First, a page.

Lugar’s Residency Is Upheld, Will Appear On Primary Ballot

The Indiana Election Commission upheld Senator Richard Lugar's residency.

Lugar

Photo: Robert D. Ward (Wikipedia Commons)

Lugar's opponent Richard Mourdock accused the Senator of not having residency in Indiana since he primarily lives in Washington, D.C.

The Indiana Election Commission has rejected a challenge to Senator Richard Lugar’s residency. Tea party backers of Lugar’s primary opponent Richard Mourdock had questioned Lugar’s right to run again, because he sold his Indianapolis home in 1977.

Two of the four election commission members say they are troubled that Lugar does not have a current Indiana address — but all four agree that he is legally a resident. Lugar‘s attorney Wayne Turner says the Indiana constitution “freezes” your residence if you are elected to congress. Your address then remains your address until your time in Washington ends. He notes Attorney General Greg Zoeller‘s office offered the same interpretation.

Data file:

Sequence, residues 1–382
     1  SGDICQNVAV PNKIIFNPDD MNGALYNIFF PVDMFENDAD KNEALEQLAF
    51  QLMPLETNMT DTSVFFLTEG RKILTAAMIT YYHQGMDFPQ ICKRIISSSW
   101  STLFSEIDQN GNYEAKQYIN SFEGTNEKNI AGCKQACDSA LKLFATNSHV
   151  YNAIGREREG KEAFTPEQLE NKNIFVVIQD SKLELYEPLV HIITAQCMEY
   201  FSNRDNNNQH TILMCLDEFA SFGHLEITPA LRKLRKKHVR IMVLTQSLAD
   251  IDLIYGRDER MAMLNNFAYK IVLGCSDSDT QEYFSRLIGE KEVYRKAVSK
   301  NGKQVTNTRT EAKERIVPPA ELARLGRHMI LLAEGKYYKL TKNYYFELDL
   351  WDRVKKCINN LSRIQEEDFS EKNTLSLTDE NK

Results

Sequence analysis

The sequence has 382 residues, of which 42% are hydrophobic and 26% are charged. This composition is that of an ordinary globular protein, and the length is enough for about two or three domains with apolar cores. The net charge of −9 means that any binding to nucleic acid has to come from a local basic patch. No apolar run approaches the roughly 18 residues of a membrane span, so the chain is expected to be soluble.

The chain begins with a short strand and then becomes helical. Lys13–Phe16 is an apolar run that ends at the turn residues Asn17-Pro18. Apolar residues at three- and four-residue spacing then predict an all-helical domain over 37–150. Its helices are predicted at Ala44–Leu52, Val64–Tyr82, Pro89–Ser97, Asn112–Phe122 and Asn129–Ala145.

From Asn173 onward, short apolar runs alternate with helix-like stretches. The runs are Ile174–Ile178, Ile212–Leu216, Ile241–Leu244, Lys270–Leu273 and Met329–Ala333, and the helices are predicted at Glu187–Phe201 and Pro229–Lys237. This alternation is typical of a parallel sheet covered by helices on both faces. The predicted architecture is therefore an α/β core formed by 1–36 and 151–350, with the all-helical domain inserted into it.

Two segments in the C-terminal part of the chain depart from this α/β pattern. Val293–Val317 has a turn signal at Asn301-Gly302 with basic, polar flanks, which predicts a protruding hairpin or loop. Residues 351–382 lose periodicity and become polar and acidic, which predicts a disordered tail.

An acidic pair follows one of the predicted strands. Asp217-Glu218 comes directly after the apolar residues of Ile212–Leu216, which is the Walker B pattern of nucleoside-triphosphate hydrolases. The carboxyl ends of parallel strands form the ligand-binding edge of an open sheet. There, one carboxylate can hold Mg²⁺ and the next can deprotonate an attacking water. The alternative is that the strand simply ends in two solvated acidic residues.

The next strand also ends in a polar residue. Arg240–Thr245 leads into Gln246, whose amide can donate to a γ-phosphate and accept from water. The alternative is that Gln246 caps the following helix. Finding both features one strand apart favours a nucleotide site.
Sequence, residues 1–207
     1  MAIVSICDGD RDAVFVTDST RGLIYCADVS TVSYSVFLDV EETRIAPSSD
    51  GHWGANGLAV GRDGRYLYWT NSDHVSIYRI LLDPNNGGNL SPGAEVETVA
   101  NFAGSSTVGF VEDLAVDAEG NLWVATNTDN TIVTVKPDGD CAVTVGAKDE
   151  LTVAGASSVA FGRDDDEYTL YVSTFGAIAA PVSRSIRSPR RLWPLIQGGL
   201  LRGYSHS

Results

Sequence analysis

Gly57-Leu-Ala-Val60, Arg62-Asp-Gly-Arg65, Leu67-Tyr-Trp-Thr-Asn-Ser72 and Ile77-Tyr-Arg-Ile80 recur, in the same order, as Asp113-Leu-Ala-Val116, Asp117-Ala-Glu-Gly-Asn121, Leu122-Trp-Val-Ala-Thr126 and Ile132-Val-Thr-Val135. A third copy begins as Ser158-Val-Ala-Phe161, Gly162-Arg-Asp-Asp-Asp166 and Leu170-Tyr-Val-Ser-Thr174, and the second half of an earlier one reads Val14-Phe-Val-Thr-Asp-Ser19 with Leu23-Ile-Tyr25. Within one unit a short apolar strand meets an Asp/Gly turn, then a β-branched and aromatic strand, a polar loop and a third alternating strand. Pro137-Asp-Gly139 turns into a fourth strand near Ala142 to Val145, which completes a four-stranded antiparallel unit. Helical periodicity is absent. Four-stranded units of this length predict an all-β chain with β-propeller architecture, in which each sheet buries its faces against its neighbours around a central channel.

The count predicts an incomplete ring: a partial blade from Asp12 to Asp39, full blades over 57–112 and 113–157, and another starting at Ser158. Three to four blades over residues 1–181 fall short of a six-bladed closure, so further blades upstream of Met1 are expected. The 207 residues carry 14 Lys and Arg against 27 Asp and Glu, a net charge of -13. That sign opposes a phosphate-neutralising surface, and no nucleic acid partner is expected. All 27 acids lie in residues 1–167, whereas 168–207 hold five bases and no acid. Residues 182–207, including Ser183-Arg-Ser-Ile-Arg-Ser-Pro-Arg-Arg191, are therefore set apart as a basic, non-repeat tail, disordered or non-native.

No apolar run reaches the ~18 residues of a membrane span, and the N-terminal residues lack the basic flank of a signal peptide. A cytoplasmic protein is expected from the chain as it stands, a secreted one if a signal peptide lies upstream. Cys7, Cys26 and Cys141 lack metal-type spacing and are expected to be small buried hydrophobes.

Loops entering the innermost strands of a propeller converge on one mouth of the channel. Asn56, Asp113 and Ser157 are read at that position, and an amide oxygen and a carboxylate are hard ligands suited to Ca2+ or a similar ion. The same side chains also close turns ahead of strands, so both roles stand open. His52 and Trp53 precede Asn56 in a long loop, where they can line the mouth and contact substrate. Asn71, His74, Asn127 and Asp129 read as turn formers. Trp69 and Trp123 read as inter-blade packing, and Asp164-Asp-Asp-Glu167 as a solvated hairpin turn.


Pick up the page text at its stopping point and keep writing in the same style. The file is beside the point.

Commission Chairman Dan Dumezich, who notes he has donated to both Lugar and Mourdock in the past, says past cases have held that a candidate‘s intent is paramount in determining his residency. He says the fact Lugar has maintained his Indiana driver‘s license and sought guidance from the attorney general on three different occasions is evidence he intends to retain his Hoosier residency.

Attorney Eric Bohnet, representing a voter who challenged Lugar’s eligibility, says he hasn‘t ruled out going to court. Otherwise, he says he fears democrats will revive the issue if Lugar wins a seventh term, to try to overturn the result.

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